My annual round table discussions with former Georgetown coach John Thompson began with an invitation slipped under my hotel room prior to a Final Four showdown.
Thompson wanted to meet with select sports writers to discuss the state of college basketball, his role in it and how the media could better promote and understand the dynamics of the sport.
There were about 20 sports writers, including Mike Wilbon of the Washington Post, Bill Rhoden of the New York Times and Bryan Burwell of the Detroit News. I was honored and humbled to be part of that group and ended up attending five sessions over the years.
Some Detroit high school coaches also made the list. They sat and learned at the knee of one of the greatest. These meetings usually took place on the eve of the National Championship game in some hotel ballroom.
When Thompson arrived he filled the room. He filled the room with his 6-foot-10 frame. He filled the room with his voice and he filled the room with his reputation and knowledge. It was billed as a round table, but the table always tilted toward the chair that Thompson sat in.
There are few in sports who can command a room like this. Michael Jordan could command a room. Tiger Woods could command a room. LeBron James can command a room. You feel their presence even if you do not see or hear them or agree with them.
This is a sad week for college basketball because one of its enforcers and best coaches in history died at age 78.
Once Thompson told us: “I speak two languages — English and profanity.”
Thompson wanted to explain his adversarial relationship with the media. Nothing personal, he said. Just about everybody who covered the Hoyas got a tongue lashing from Thompson. But his job was not to please the media, it was to help young men and make Georgetown the best program it could be.
“He is one of a kind. There is nobody like John Thompson,” Syracuse coach Jim Boeheim said on ESPN. “There really isn’t and I don’t think there ever will be.”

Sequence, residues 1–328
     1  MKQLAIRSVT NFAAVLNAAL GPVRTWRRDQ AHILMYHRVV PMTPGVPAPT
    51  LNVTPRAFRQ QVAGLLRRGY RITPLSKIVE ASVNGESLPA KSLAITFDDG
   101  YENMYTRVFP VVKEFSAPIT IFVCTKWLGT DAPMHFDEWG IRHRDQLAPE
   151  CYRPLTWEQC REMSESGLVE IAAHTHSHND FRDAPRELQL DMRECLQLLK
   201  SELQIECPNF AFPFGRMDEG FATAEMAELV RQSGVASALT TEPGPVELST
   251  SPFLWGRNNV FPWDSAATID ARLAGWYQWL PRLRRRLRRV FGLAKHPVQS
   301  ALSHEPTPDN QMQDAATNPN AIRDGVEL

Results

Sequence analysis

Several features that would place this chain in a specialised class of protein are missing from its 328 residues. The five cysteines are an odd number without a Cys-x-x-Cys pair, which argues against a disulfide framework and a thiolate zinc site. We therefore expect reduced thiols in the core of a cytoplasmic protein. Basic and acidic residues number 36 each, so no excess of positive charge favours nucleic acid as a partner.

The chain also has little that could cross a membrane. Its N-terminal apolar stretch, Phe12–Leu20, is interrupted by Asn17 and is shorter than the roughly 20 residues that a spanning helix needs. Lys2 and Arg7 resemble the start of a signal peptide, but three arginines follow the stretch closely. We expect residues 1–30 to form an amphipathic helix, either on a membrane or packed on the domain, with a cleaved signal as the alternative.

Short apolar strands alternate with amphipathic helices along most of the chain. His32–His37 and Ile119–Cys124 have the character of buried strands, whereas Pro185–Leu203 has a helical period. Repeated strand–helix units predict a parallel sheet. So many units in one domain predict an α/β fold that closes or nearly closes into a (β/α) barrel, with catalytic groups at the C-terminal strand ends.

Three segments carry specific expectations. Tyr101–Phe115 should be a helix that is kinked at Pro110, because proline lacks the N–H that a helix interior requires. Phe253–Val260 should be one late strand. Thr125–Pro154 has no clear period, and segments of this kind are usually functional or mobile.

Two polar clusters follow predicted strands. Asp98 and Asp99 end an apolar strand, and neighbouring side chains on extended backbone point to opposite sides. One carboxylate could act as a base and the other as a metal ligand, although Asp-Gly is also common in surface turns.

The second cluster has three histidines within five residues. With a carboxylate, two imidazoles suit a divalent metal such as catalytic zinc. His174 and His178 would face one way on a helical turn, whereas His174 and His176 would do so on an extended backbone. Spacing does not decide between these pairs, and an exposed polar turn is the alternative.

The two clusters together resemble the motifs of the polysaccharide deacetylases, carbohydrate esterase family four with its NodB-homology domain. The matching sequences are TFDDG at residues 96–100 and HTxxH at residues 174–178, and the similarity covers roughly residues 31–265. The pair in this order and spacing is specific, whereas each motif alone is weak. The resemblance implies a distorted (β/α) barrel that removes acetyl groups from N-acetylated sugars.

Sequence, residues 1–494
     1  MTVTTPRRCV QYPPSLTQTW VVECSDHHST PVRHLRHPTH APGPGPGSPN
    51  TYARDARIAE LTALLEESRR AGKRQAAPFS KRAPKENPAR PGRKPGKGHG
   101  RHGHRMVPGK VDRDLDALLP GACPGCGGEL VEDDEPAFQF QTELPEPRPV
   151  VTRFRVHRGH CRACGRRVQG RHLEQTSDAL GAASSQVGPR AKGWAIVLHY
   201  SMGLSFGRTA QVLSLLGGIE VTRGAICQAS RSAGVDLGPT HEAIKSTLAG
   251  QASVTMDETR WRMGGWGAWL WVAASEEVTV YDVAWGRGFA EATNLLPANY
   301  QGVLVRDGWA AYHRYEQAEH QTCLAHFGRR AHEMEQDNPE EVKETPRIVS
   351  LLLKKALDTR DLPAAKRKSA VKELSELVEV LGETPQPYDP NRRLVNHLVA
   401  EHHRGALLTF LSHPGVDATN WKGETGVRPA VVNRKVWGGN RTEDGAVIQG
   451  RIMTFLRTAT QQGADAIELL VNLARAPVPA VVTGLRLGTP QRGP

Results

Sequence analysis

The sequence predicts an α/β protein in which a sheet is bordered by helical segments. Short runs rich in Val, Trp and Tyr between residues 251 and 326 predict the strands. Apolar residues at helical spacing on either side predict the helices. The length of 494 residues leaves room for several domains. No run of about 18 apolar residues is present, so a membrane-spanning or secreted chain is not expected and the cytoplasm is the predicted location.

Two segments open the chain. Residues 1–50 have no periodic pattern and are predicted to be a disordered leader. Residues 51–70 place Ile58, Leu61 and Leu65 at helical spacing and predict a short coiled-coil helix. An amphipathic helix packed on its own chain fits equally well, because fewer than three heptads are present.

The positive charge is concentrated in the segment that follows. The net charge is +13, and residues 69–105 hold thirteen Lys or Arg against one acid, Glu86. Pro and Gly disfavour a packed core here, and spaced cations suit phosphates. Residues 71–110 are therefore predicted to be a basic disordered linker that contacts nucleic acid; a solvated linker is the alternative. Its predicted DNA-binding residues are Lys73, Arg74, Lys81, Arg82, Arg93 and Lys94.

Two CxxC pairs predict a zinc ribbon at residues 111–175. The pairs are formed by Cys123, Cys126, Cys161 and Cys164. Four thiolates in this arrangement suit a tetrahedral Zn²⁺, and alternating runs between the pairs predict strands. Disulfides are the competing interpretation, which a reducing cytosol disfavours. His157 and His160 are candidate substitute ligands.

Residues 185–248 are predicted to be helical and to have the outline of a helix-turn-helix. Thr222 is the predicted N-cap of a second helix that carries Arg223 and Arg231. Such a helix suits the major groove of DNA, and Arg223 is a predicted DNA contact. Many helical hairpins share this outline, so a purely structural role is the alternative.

I’ll admit that I wasn’t a big fan of his under I better understood the man. Yeah, he wanted talented players and wanted to win games. But he also wanted to change lives and save lives. Thompson often recruited players other coaches gave up on.
During our meetings he hammered home his disdain for coaches who did not care about their players. He believed some coaches milked players’ talents and pushed them into a world they were unprepared for when their eligibility ended. Thompson did not believe in four year marriages between program and players. You were a Hoya for life.
He pushed education and helping out your community. Thompson took over a program that went 3-23, won 71.4 percent of his games, made three Final Fours and won the NCAA title in 1984 — becoming the first black head coach to do so.
Thompson fought the system and did more than his fair share to make social change. He pulled his team off the floor for a game in protest of Proposition 42, a standardized freshmen were required to pass before they could play in a game. Thompson believed the test to be culturally biased against blacks. He also riled against the criminal justice system. Then he brought a jailed Allen Iverson to Georgetown to give him a chance. Other coaches gave up on Iverson because of a bowling alley brawl.
Now you see why Big John Thompson could command a room. He was big. He was bad. And he was a man you noticed no matter how big or small the room.Find Terry Foster Podcast here: